It seems like scammers have turned the popular LINE messaging app as a channel to attempt to meet naive victims. A recent one this week was when a naive scammer compromised Zane Chua’s account and used his identity to contact his friends to convince them to send him some iTunes credits.
I myself received three requests this week. Tough luck, scammers, but I do not have any buddies named Jeremy that I am close enough to buy iTunes gift cards for. Another one was a random and suspicious “hihi” from a workaholic friend who would never drop me a message on LINE (we don’t primarily use that to chat) during work hours.
Typically, the hacker would initiate a conversation before requesting for a favour. Once a reply is received, they would ask for gift cards and suggest you get them from a nearby convenience store, then send them a picture of the serial numbers.
It almost sounds like they have all attended the same course on “Dummies Guide on How to Scam People on LINE” because the tactics are all so dull.
How do you know if you get hacked?
Whether or not you are a frequent user of LINE, it’s better you should check your account. When you try to log in, you may see this warning:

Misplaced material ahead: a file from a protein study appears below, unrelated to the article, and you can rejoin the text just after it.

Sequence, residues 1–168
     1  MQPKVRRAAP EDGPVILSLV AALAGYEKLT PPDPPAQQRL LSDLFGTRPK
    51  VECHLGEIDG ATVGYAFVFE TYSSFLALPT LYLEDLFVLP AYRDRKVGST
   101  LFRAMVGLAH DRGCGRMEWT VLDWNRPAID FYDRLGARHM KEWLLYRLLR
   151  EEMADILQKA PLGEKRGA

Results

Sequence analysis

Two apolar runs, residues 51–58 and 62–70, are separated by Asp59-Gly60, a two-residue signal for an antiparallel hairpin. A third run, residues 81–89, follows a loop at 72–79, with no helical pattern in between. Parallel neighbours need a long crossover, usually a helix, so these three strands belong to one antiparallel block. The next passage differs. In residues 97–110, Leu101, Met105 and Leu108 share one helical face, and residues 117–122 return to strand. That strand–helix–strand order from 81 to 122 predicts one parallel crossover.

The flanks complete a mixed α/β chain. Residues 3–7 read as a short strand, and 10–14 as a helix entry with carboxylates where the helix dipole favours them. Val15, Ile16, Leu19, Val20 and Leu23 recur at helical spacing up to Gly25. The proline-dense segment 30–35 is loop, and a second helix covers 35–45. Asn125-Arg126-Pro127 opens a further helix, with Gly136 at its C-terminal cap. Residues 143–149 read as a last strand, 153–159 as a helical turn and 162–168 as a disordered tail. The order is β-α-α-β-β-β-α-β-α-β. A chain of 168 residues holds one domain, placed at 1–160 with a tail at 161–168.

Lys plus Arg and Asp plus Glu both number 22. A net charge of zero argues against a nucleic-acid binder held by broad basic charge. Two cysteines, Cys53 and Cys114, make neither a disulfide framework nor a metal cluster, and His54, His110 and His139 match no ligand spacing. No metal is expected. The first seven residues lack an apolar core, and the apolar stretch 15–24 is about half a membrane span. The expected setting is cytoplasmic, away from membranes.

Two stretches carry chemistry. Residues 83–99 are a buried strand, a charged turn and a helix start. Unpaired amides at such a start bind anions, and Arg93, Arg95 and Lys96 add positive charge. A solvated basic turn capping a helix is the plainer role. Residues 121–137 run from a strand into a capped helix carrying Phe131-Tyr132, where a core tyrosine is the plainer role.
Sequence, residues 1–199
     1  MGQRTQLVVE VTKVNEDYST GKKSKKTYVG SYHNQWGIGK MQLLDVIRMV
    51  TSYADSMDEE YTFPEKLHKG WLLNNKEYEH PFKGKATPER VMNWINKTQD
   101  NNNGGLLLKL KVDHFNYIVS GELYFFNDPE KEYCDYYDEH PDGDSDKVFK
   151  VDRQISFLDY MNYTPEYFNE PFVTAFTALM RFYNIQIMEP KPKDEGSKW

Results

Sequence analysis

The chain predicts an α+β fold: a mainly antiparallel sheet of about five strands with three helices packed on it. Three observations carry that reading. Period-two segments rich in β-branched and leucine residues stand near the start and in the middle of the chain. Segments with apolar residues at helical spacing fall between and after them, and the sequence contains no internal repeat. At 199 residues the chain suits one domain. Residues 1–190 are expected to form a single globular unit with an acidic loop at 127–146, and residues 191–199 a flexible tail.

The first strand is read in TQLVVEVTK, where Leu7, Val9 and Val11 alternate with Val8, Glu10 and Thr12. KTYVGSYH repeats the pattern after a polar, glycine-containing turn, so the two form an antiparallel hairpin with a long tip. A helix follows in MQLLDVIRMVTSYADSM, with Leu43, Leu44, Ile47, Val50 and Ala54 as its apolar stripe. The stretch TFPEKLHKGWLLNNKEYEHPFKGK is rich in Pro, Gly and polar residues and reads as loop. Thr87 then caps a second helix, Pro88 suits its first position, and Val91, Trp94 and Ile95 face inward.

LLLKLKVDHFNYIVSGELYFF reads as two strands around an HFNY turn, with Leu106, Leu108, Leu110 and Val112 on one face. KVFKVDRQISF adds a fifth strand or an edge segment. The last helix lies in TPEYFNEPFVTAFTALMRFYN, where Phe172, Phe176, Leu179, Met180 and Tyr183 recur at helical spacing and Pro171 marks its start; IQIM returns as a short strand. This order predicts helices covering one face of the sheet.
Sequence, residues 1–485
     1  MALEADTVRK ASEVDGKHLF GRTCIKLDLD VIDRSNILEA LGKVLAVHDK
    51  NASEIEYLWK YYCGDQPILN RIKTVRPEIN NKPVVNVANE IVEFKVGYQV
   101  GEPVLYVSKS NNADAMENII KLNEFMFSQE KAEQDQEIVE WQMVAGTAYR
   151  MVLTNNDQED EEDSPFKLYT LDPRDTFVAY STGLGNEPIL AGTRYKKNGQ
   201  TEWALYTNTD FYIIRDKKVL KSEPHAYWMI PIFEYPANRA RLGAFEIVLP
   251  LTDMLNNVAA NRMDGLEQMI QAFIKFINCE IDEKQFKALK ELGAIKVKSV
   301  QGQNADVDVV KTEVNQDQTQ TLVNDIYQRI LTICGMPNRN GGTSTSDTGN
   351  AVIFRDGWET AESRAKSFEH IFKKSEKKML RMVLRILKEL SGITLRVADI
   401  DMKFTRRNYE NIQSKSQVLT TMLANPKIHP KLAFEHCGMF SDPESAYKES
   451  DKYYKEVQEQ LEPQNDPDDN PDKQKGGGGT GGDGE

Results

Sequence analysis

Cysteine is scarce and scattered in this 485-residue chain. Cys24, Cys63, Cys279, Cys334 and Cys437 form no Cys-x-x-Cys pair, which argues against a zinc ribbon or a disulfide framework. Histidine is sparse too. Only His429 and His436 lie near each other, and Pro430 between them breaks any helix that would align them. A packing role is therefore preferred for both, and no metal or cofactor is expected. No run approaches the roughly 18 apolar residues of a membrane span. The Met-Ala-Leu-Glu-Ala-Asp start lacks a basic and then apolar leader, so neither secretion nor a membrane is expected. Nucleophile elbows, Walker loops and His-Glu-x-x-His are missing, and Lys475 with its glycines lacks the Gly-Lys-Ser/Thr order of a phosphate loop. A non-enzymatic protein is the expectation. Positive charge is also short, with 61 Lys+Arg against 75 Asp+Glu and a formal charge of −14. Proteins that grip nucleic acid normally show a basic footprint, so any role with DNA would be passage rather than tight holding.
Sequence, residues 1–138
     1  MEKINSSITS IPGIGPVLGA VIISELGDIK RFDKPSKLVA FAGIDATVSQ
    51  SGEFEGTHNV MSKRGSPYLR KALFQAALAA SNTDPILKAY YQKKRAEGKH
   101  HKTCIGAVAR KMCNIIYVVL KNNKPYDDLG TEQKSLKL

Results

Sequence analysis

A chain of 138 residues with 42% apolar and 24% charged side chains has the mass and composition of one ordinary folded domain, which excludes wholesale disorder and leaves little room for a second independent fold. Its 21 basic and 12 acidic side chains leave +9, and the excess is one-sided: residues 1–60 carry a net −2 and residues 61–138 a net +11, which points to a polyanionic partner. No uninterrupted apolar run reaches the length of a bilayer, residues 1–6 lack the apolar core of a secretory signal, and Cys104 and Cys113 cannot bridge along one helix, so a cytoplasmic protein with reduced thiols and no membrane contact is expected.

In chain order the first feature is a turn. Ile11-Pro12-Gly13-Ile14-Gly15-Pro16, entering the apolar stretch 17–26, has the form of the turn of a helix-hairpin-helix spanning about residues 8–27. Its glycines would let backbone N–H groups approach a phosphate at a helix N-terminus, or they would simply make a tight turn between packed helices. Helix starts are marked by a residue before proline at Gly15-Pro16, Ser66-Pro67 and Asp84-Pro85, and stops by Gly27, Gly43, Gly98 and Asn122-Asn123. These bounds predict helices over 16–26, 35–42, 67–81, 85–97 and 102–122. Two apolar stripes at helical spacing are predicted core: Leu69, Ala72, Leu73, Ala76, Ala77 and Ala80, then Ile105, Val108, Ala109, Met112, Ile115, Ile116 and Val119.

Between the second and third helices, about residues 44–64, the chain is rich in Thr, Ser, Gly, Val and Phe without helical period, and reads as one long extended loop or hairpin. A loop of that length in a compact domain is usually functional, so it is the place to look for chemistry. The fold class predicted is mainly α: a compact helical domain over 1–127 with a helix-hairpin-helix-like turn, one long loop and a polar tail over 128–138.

“You cannot use this account. Since this account has been logged on in a different location, all information saved in this terminal will be deleted.”
What to do if you get hacked?
Immediately report to LINE by filling up this form to inform the staff to lock your account as soon as they can.
How can I protect myself from getting my LINE account hacked?
- Only sign in using trusted devices. Refrain from using public terminals to access the account.
- Change your password. Stick to something that is harder to decode, preferably something you aren’t using for any other log-ins as well. This TED talk reveals the most common passwords are “password” “letmein” and “iloveyou”
- Disable PC login.
- Set a PIN.
At the end of the day, just note that if you friend would like you to get some iTunes credits, call them to verify their request. Or if you need some entertainment, go ahead and have fun with the scammers like how Zane’s friend did. Also Read: 7298 social media accounts were hacked in Singapore, Thailand and Indonesia
This post first appeared on VulcanPost.com.